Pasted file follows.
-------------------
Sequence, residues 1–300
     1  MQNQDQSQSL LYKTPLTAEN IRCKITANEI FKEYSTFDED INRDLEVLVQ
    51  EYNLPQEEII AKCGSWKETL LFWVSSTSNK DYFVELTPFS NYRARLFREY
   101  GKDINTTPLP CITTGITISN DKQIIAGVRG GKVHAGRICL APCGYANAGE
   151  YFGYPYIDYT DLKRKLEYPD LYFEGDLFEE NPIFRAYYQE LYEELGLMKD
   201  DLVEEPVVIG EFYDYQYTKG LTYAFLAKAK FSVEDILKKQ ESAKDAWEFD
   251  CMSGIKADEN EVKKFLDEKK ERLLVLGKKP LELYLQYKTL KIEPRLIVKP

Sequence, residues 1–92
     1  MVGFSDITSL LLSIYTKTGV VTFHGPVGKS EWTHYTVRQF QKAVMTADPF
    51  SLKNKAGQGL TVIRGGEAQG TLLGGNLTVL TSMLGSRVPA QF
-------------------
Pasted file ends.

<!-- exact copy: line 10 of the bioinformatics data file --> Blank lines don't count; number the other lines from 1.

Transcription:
    51  SLKNKAGQGL TVIRGGEAQG TLLGGNLTVL TSMLGSRVPA QF